Palo Alto , CA, U.S.A — (METERING.COM) — January 7, 2009 – The deployment of a “smart grid” could potentially reduce annual U.S. energy consumption by 56 to 203 billion kWh – corresponding to a 1.2 to 4.3 percent reduction in projected retail electricity sales – in 2030, according to a recent analysis by the Electric Power Research Institute (EPRI).
The combined deployment of seven applications enabled by a smart grid – continuous commissioning of large commercial buildings, reduced line losses, energy savings corresponding to peak load management, direct feedback on energy usage, accelerated deployment of energy efficiency programs, greater integration of renewables, and facilitation of plug-in hybrid electric vehicles (PHEVs) – could reduce CO2 emissions by an estimated 60 to 211 million metric tons in 2030.
In its report EPRI argues that an emerging infrastructure constituted of an integrated set of four building blocks can make energy efficiency more dynamic and robust over time, substantially expanding its potential. These are communications infrastructure to allow bi-directional flow of information between electricity suppliers and consumers, innovative rates and regulation to provide adequate incentives for energy efficiency investments for electricity suppliers and consumers, smart end-use devices that are energy-efficient and able to receive and respond to real time signals, and an innovative market to ensure that energy efficiency measures instituted by regulation become self-sustaining in the marketplace.
However, while these are the key pillars of energy efficiency, the development of a smart grid communications infrastructure has the potential to compound energy savings beyond what is achievable through conventional piecemeal deployments of energy efficiency and demand response measures.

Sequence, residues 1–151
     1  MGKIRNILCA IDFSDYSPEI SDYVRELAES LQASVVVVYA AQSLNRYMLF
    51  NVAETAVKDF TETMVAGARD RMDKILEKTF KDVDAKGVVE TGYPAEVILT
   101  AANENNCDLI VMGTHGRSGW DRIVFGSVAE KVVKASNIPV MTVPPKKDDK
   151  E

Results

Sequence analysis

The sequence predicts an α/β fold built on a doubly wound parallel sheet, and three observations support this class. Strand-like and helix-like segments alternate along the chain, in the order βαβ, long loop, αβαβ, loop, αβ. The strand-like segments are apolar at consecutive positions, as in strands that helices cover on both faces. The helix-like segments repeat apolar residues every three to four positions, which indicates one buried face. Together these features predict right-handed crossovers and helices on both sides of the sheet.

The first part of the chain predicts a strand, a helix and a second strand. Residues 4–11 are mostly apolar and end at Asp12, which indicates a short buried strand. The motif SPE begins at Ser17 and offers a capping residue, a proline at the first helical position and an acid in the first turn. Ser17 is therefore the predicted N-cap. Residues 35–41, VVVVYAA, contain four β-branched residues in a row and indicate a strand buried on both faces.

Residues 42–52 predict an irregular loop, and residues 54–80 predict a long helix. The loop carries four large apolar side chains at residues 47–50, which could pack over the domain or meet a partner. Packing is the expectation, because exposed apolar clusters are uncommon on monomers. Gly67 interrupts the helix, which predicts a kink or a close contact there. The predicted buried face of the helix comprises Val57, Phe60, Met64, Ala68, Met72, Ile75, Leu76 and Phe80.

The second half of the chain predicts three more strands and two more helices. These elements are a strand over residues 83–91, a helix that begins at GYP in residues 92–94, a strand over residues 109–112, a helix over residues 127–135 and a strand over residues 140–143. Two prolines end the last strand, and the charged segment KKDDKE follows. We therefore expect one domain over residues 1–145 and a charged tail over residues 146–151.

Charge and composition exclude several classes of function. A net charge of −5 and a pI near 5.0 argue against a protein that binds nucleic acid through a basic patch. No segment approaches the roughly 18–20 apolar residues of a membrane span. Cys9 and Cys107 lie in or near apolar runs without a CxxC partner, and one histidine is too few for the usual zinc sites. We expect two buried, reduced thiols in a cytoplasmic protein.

“A smart grid, in essence, can make the energy efficiency benefits of the whole greater than the sum of its parts,” says the report.
The report highlights that from a utility’s perspective, a smart grid can be viewed as a means to further the five primary goals of enhancing customer service, improving operational efficiency, enhancing demand response and load control, transforming customer energy use behavior, and supporting more utility energy efficiency investment. In furthering these goals, a smart grid can streamline operations and enable utilities to tap into new avenues to save energy and reduce carbon emissions to levels greater than would otherwise be attainable.
A smart grid is a key enabler of mechanisms to reduce carbon emissions, both directly through integration of more renewable energy and facilitation of PHEV adoption, and indirectly through energy efficiency, says the report.
“A smart grid will enable tools for everyone – from consumers to energy service providers to regulators – to help bring energy savings and greenhouse gas reduction goals closer to fruition to benefit society.”